When restoration vision and restoration targets conflict: A case against targeting a single species for restoration within urban nature preserves

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Heather Whitehouse, Heather Beam

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The Niagara Escarpment, a world biosphere reserve, is the landscape setting of Lathrop Nature Preserve, a mature Carolinian forest in urbanized southern Ontario, Canada. Carolinian forest occupies only 1% of Canada’s land mass but is home to 25% of Canada’s rare species. Lathrop Nature Preserve provides habitat for numerous rare Carolinian forest flora and fauna and is also within the southernmost watershed in Canada with cold-water fish habitat. The vision for restoration in a nature preserve, including Lathrop Nature Preserve, is foremost to maintain rare habitats/species, and secondly to enhance habitat quantity and/or quality. Restoration targeting a single species without considering the impacts to other species can threaten the overall restoration vision. At Lathrop Nature Preserve, a restoration target was set to improve downstream water quality to offsite cold-water fish habitat. Onsite ponds were created a century ago when a rail line was built across several valleys, impeding overland flow and groundwater seepage. These ponds contribute sediment and warm water to the downstream cold-water fish habitat. The ultimate restoration goal was to completely remove both ponds; however, baseline inventories determined that both ponds provide the only overwintering habitat for a rare turtle. To meet the restoration vision of maintaining and enhancing biodiversity, the restoration target was revised to improve downstream habitat for cold-water fish while protecting the rare turtle habitat. Restoration goals are currently being revised, given the constraints of the retained rail line and minimizing the construction footprint in the rare Carolinian forest habitat.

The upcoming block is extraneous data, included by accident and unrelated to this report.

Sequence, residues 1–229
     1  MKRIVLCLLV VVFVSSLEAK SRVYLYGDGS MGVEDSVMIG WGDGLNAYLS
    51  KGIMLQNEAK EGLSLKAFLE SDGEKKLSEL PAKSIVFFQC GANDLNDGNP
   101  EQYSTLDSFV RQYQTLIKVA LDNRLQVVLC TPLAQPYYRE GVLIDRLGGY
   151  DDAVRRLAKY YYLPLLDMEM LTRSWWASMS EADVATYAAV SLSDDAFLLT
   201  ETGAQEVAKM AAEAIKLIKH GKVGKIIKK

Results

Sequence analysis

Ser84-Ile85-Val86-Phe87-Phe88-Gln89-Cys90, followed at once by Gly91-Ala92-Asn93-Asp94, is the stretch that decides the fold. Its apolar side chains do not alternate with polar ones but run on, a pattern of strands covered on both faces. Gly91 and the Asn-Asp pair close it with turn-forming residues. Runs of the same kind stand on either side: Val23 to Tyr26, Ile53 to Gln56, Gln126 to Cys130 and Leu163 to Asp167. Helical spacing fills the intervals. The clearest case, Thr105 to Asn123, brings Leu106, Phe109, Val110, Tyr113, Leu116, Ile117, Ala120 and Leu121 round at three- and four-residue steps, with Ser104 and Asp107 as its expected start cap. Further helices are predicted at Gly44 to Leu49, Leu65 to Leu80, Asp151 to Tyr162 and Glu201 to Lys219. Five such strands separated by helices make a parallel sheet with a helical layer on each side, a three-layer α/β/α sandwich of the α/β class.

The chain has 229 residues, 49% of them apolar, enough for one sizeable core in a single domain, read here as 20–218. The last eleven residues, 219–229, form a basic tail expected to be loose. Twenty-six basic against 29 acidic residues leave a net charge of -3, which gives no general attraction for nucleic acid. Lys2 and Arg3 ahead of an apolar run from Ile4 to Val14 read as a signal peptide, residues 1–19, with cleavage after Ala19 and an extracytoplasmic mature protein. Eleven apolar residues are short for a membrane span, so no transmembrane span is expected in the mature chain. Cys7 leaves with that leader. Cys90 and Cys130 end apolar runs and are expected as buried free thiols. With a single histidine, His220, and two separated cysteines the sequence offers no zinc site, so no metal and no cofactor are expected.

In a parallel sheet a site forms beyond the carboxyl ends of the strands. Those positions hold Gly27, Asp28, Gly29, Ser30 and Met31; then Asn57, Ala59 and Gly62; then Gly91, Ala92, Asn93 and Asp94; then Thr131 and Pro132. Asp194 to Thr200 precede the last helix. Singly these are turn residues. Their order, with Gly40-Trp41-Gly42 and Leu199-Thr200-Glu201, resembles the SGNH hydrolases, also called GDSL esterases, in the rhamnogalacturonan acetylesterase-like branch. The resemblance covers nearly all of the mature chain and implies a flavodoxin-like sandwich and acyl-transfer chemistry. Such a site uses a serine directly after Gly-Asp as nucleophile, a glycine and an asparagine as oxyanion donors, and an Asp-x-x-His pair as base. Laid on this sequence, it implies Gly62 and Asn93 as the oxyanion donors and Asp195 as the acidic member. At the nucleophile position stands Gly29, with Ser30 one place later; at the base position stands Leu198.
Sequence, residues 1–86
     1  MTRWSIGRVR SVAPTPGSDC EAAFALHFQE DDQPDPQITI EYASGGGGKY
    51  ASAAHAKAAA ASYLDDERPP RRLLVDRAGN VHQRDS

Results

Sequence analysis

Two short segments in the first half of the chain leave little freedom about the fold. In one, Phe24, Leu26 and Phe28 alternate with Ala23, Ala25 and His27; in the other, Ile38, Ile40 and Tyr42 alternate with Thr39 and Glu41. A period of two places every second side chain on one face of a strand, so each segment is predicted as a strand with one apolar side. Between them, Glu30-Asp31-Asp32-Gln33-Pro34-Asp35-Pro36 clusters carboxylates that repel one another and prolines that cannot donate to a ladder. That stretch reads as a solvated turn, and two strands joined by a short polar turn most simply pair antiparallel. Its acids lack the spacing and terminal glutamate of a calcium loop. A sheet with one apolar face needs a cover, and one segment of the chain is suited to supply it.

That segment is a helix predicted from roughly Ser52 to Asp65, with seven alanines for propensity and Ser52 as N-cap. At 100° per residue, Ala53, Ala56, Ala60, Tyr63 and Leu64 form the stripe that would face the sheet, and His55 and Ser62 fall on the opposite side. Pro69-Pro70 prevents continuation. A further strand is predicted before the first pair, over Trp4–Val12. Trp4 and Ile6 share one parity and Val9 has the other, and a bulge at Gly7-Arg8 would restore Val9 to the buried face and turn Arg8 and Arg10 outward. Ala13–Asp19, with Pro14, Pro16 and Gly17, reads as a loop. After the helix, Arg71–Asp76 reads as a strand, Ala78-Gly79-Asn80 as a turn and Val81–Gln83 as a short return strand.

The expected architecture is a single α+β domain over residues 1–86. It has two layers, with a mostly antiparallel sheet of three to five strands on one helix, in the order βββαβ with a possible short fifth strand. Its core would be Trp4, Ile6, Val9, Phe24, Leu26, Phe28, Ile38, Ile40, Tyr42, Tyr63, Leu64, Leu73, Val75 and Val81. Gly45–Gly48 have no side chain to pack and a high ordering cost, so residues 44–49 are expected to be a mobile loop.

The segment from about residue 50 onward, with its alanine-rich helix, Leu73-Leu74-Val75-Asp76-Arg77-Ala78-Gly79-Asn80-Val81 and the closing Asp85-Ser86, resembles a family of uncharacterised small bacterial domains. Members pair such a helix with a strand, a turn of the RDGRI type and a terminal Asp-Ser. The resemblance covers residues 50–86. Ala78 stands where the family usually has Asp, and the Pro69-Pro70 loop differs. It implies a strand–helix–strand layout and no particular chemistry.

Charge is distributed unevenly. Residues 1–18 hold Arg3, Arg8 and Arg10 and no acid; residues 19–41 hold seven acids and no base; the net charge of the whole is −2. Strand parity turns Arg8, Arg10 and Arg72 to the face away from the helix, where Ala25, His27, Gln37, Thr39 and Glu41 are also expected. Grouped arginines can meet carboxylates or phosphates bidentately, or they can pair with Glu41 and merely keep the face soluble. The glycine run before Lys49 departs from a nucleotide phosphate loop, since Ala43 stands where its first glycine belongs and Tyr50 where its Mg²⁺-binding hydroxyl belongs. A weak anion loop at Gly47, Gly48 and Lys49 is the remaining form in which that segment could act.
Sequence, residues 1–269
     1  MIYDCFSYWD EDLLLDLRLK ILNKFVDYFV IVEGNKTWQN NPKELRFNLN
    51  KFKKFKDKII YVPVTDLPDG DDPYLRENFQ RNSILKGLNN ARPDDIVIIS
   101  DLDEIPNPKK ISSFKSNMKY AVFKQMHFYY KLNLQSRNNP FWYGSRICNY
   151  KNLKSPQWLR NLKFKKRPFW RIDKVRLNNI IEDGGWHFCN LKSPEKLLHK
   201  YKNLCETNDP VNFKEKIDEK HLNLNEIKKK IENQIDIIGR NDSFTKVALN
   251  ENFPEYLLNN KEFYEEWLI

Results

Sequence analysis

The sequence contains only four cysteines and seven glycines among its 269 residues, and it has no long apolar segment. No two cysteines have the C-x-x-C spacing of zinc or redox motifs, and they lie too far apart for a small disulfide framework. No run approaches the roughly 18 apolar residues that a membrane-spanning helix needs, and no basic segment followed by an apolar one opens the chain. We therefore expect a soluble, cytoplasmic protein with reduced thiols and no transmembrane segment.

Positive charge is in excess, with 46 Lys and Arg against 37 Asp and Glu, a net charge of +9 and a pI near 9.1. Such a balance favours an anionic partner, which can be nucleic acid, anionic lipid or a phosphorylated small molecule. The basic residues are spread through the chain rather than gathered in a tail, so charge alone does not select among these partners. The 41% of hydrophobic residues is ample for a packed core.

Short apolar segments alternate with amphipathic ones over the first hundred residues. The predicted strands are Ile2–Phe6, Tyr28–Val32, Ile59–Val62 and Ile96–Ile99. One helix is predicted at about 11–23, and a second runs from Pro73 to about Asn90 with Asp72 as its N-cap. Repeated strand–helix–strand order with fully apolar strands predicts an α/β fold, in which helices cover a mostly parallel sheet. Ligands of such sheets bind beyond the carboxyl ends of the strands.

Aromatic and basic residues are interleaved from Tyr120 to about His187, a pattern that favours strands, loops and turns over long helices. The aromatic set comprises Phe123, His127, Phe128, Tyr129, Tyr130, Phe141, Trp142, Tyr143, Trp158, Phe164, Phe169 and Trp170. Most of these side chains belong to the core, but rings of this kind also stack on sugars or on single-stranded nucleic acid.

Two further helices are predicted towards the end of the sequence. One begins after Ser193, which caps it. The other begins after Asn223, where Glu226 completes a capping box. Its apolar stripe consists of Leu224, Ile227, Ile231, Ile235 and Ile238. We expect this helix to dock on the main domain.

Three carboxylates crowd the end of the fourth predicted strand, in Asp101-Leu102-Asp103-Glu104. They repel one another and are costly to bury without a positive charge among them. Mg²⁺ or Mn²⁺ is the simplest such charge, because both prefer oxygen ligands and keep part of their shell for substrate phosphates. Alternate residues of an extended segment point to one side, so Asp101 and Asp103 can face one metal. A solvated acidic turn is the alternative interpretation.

Resource Type:
Conference Presentation, SER2021

Pre-approved for CECs under SER's CERP program